This has created opportunities for creative applications of technology to save or change lives.

One group of researchers with Stanford University developed a machine learning algorithm to match a refugees’ background, skills, education, and language skills to a particular region as a means to help the resettlement process. Another Jordanian project aimed to open up 3D-printing to refugees. For a country that UNHCR says is currently hosting 740,160 refugees, many of whom have lost limbs, the ability to design and cheaply print custom parts for prosthetics is a lifeline.


Sometimes these projects have been as simple as helping refugees find homes.

During the Syrian Refugee Crisis, young Germans wanted to set up an Airbnb-style platform which would help connect refugees with those who had a spare room. Around 18 months ago, Refugees Welcome brought the idea to Australia. Filip Rajec, the organisation’s Tech Development Manager, says that since it started up 34 people have been placed with hosts.

“The vision statement is more than accommodation, but is to provide the opportunity for refugees to live with an Australian family and vice-versa, for an Australian family to live with a refugee so the cultures can mish and mash,” Rajec says.

While the platform is still in development, the goal is to build a fully functional system that can independently match guests with hosts.

Of course, technology has its limits. With greater access to information comes a greater chance of the spread of misinformation for those in transit and while many of the refugees who fled Syria in 2016 were digitally literate and could afford smartphones, others aren’t always so lucky.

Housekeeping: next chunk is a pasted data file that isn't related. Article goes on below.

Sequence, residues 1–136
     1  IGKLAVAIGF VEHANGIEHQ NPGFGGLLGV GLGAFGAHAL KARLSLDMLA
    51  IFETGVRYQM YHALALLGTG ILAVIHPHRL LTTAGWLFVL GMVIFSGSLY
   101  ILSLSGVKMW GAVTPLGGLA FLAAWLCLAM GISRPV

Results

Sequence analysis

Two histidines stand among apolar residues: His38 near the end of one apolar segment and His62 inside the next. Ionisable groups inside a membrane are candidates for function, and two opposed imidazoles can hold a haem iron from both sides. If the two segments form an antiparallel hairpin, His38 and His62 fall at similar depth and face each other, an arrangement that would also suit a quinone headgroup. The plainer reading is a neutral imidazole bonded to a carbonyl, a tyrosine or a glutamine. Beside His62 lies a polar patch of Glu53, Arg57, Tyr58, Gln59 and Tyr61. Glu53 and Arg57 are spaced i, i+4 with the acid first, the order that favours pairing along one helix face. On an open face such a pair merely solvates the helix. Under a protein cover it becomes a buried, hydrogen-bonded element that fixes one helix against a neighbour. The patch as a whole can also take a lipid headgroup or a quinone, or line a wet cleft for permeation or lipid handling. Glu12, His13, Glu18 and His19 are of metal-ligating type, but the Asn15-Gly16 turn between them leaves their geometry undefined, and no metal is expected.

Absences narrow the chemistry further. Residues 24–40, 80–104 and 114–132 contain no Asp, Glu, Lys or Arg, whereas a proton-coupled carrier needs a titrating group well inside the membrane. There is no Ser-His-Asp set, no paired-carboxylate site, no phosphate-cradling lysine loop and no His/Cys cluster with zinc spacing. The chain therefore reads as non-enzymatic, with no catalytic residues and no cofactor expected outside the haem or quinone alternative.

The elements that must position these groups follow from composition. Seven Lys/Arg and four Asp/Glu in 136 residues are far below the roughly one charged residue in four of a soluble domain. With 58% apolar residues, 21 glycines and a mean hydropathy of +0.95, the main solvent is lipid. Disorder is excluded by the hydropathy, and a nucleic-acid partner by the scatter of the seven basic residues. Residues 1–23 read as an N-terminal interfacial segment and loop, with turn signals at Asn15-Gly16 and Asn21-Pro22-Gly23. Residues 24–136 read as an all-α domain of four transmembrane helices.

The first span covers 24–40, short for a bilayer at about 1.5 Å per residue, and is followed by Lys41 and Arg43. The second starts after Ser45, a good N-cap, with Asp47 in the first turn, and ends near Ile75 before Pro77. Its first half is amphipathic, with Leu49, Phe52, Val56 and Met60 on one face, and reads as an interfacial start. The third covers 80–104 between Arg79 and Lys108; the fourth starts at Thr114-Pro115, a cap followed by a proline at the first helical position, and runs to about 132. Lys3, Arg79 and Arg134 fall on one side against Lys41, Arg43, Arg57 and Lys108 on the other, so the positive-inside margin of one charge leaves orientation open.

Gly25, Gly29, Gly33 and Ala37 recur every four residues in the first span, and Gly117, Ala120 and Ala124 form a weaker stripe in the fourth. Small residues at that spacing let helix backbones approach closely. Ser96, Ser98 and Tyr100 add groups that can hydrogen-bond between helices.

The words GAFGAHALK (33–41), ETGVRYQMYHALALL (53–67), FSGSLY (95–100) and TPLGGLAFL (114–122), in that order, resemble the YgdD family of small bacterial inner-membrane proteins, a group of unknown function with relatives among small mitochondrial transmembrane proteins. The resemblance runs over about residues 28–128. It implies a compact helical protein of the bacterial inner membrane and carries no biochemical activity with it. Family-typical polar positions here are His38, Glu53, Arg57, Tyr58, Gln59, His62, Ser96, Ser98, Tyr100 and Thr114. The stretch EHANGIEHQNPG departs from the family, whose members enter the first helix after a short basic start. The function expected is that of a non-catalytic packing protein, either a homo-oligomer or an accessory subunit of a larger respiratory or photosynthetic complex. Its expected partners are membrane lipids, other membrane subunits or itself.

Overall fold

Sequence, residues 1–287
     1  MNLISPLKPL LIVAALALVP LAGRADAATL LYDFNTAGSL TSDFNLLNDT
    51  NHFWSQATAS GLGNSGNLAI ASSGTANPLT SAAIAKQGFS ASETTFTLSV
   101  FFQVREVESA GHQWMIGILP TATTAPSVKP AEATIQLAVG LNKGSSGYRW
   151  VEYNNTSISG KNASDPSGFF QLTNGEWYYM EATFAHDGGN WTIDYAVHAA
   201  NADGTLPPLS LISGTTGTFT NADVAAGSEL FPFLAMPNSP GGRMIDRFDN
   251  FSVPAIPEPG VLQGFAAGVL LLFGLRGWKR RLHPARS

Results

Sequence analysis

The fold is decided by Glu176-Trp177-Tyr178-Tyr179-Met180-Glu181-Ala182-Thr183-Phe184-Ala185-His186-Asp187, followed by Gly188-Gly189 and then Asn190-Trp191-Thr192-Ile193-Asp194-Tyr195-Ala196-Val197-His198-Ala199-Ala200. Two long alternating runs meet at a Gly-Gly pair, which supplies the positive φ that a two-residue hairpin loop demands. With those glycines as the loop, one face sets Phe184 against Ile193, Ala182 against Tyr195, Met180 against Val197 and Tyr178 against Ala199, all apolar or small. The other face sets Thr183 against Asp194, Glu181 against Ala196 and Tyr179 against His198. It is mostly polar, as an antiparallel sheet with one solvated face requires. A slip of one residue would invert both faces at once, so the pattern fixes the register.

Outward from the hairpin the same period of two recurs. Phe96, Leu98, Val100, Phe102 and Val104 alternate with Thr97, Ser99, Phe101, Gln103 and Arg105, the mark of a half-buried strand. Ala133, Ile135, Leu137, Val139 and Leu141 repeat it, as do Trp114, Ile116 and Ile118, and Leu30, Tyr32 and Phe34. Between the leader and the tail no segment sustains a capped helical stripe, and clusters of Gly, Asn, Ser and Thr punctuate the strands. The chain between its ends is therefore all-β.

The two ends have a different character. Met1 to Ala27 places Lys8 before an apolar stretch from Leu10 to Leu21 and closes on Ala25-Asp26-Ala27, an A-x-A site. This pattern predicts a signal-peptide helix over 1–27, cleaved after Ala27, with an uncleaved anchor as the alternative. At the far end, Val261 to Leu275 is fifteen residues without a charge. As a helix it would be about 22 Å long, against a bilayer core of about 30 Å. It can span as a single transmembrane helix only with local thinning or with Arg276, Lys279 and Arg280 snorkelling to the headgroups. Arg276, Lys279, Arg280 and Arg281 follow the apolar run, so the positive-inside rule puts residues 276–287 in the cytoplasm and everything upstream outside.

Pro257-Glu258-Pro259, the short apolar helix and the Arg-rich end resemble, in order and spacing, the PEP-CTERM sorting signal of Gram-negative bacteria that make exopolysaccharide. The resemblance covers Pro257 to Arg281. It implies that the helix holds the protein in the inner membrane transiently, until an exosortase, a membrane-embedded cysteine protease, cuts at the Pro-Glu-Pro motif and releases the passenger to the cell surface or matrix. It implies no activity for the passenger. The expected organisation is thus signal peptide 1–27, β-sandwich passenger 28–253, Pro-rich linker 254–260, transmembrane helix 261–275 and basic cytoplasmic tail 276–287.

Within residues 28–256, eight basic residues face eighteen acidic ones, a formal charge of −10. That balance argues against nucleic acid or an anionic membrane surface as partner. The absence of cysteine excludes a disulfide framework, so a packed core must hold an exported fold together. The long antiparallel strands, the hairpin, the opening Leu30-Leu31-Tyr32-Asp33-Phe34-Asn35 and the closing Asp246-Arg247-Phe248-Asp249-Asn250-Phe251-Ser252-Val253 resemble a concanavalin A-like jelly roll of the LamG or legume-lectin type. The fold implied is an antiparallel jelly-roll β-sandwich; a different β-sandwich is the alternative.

“When I first came to Australia in 2008, I never touched a computer before,” says Abioloa Ajetomobi. “Even though I was in a good job, a good paying job in my own country, it was all done by hand.”

Ajetomobi is the Director of the Asylum Seeker Resource Centre’s Innovation Hub and her work has been around using technology to build basic skills.


“Being able to live in Australia means you need to feel as part of the community and there is no way to do that without technology,” she says. “Even for the young people in schools, where English is not their first language, they’re put in front of a computer and expected to do their assignments.”

To help, the ASRC developed an app to help people learn English and they use a second app, Slack, to help people find work. That app works by networking 400 jobseekers to ethical employers, and each other, so that they can share information, insight, and techniques for interviews or resume writing.

“Everybody thinks about what [these people] are or what they don’t have,” Ajetomobi says. “We have clients that come from different facets of life with incredibly diverse skills, we’ve got people who have been farmers right down to professionals, archaeologists, soldiers -- it’s a very broad base of skills.

“Not being able to speak English or navigate technology doesn’t mean they’re foolish.”

This article is supported by World Vision’s 40 Hour Famine Backpack Challenge. You can participate now by signing up here.